COULTER: That seems to be the argument. The one who baffles me the most I reject the cynical explanations for people coming out on the other side. We may disagree, and particularly in the case of and the one I have the Thomas Sole. I think there's not a ray of light in the difference in our opinions and I respect him, and I've been baffled by his columns in favor of Newt Gingrich. And he has I think it's today complaining that Romney is lying about or being deceptive. I don't think he uses the word lie. And Newt does. And the ethics complaint. Unquestionably Gingrich resigned. The ethics reprimand was a lighter sentence. That was a majority House of Representatives. They were trying to protect their leader. There were a lot of the honorable Republican including Porter Goff who was the head of the ethic committee who thought that a reprimand was deserved. It was two years later that Gingrich resigned in disgrace because he was having a long term affair in the middle of Republicans having an unmistakable argument between Democrats and Republicans and the Democrats being adultery, and sodomy.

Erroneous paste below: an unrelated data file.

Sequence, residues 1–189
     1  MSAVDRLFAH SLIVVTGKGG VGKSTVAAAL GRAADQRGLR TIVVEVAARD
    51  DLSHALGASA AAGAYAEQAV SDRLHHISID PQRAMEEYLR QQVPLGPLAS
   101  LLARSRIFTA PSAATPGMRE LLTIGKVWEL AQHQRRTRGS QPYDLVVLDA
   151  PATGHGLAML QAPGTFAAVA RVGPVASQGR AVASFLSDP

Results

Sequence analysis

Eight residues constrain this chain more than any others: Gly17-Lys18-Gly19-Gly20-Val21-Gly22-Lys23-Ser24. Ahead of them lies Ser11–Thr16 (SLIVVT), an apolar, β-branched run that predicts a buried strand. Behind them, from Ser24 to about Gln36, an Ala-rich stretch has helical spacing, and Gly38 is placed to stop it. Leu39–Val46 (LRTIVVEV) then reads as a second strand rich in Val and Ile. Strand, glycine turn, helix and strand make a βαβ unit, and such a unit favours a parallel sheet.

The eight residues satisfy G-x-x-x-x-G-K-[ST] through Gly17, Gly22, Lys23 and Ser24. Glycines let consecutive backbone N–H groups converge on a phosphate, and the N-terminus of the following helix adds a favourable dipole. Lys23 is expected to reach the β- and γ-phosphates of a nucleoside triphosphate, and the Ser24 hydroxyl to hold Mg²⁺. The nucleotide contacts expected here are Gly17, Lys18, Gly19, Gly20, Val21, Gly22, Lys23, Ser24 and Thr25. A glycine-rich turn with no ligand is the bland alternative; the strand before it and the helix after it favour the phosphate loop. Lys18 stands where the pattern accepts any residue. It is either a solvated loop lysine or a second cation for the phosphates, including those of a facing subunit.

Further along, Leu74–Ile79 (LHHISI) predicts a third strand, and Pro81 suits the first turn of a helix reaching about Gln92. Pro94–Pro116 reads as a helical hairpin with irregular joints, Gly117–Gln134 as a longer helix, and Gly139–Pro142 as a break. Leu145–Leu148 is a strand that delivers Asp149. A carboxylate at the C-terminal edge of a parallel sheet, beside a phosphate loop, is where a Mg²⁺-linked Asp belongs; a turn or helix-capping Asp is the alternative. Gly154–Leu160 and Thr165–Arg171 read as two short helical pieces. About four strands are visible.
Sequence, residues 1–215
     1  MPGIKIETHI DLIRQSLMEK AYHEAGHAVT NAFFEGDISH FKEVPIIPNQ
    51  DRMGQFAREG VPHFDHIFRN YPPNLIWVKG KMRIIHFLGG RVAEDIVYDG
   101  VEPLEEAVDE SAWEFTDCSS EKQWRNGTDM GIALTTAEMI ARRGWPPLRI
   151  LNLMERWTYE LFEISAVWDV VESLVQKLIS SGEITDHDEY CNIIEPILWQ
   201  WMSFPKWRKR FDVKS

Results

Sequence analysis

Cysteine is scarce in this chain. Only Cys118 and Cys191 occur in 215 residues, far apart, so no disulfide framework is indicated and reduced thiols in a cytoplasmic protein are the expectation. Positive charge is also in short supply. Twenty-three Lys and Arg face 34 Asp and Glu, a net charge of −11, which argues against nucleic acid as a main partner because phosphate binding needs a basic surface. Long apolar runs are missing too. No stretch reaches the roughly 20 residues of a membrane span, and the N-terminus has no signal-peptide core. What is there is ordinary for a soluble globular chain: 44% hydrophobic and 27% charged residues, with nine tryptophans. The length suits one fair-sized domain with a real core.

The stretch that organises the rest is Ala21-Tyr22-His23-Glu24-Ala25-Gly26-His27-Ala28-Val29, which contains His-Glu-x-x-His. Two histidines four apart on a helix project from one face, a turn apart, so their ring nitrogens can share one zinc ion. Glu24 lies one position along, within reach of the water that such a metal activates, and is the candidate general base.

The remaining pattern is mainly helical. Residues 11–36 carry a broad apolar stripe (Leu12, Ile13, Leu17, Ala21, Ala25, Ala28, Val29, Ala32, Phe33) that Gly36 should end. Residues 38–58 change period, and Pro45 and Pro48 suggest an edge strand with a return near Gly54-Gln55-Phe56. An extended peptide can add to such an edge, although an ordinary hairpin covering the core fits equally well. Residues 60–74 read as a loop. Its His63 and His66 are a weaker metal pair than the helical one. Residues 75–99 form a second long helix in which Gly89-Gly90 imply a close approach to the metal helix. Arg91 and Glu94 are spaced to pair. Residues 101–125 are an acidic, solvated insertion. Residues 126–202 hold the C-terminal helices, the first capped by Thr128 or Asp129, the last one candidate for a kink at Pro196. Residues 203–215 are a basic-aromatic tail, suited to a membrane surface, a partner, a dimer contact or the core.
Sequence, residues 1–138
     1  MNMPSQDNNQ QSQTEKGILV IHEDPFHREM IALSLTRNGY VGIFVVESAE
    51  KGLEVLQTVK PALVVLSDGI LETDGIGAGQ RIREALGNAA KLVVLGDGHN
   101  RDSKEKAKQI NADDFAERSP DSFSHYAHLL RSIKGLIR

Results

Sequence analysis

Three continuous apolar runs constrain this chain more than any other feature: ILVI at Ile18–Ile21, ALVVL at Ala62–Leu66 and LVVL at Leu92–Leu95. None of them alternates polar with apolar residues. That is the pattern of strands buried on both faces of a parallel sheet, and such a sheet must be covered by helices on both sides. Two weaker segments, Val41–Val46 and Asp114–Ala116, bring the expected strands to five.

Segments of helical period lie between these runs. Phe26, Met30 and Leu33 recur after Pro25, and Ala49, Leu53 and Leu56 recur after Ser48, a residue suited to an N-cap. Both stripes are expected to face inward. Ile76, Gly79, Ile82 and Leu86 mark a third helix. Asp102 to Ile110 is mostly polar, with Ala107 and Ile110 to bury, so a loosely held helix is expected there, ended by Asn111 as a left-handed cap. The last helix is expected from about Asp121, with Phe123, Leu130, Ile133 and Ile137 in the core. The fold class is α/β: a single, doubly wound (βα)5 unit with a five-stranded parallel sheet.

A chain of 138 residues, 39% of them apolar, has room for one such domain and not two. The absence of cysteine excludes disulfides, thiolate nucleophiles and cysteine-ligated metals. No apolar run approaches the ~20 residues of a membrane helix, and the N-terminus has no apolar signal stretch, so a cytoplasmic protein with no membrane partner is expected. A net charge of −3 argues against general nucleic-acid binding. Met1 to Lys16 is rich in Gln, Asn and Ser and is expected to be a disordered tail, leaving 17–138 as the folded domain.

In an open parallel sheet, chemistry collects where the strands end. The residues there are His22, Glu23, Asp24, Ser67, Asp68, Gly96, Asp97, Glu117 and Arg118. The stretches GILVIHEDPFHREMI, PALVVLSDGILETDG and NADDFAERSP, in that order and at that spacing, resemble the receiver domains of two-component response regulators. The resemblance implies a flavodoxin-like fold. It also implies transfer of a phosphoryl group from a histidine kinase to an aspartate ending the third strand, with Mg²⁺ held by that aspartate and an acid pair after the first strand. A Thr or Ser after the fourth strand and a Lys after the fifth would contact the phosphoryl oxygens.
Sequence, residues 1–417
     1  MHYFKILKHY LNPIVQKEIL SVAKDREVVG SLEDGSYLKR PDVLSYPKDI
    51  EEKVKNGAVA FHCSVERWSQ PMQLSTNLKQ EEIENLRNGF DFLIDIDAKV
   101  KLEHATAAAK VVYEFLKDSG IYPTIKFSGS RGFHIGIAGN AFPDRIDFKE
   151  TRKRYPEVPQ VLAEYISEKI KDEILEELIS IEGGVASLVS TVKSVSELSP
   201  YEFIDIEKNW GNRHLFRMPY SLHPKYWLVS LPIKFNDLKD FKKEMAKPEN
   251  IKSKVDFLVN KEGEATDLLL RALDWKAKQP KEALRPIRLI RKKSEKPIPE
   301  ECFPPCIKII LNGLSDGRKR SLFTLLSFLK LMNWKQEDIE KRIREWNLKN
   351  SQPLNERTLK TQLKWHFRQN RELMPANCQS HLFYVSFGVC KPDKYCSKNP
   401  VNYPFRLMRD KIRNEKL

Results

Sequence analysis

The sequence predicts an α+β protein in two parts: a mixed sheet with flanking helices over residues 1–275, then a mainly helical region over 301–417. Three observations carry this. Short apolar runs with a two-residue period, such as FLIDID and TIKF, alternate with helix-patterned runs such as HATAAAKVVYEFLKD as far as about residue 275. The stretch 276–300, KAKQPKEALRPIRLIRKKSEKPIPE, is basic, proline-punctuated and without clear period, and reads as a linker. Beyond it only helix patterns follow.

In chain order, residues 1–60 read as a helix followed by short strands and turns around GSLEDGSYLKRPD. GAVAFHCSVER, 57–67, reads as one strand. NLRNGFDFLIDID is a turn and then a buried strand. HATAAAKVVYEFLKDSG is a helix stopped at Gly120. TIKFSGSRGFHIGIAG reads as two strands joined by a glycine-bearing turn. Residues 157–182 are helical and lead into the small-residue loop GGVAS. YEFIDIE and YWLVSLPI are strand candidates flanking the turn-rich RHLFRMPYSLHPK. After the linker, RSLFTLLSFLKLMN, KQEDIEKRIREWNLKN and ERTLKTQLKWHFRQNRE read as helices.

GLENN: And sodomy.
GLENN: Why haven't we had her on the every day of the show. Ann thank you very much, and we'll talk to you tomorrow when it's a huge huge disappointment because Romney didn't win by 80 points.
COULTER: That's. Good to talk to you.